Miłosz once wrote: "The child who dwells inside us trusts that there are wise men somewhere who know the truth." At this centenary moment, he himself has become one of those wise men.
 This article was amended on 12 April 2011. The original referred to the poem "And the books". This has been corrected.

Wednesday, February 21, 2018

Wisława Szymborska / Consolation



Consolation

By 

Wisława Szymborska
TRANSLATED BY CLARE CAVANAGH
Darwin. 
They say he read novels to relax, 
But only certain kinds: 
nothing that ended unhappily. 
If anything like that turned up, 
enraged, he flung the book into the fire. 

True or not, 
I’m ready to believe it. 

Scanning in his mind so many times and places, 
he’d had enough of dying species, 
the triumphs of the strong over the weak, 
the endless struggles to survive, 
all doomed sooner or later. 
He’d earned the right to happy endings,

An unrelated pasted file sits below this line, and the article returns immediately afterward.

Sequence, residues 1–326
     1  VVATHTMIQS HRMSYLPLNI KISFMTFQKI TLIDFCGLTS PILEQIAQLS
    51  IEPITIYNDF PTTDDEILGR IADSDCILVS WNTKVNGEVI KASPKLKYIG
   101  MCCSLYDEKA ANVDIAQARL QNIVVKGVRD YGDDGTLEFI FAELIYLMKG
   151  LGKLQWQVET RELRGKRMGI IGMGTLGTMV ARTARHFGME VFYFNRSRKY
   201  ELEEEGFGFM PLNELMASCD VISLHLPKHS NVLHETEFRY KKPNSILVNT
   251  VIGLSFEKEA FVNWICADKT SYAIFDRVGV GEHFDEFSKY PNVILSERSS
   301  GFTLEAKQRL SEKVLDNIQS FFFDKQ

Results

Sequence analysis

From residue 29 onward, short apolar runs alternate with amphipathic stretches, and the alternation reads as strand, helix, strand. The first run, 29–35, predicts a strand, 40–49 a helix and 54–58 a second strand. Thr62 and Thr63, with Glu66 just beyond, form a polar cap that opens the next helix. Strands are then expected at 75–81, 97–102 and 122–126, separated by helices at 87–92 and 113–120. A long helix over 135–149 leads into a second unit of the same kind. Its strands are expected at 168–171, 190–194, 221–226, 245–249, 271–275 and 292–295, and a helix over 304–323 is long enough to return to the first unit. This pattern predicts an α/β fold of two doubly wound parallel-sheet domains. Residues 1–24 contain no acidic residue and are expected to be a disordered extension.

at least in fiction 
with its diminutions. 

Hence the indispensable 
silver lining, 
the lovers reunited, the families reconciled, 
the doubts dispelled, fidelity rewarded, 
fortunes regained, treasures uncovered, 
stiff-necked neighbors mending their ways, 
good names restored, greed daunted, 
old maids married off to worthy parsons, 
troublemakers banished to other hemispheres, 
forgers of documents tossed down the stairs, 
seducers scurrying to the altar, 
orphans sheltered, widows comforted, 
pride humbled, wounds healed over, 
prodigal sons summoned home, 
cups of sorrow thrown into the ocean, 
hankies drenched with tears of reconciliation, 
general merriment and celebration, 
and the dog Fido, 
gone astray in the first chapter, 
turns up barking gladly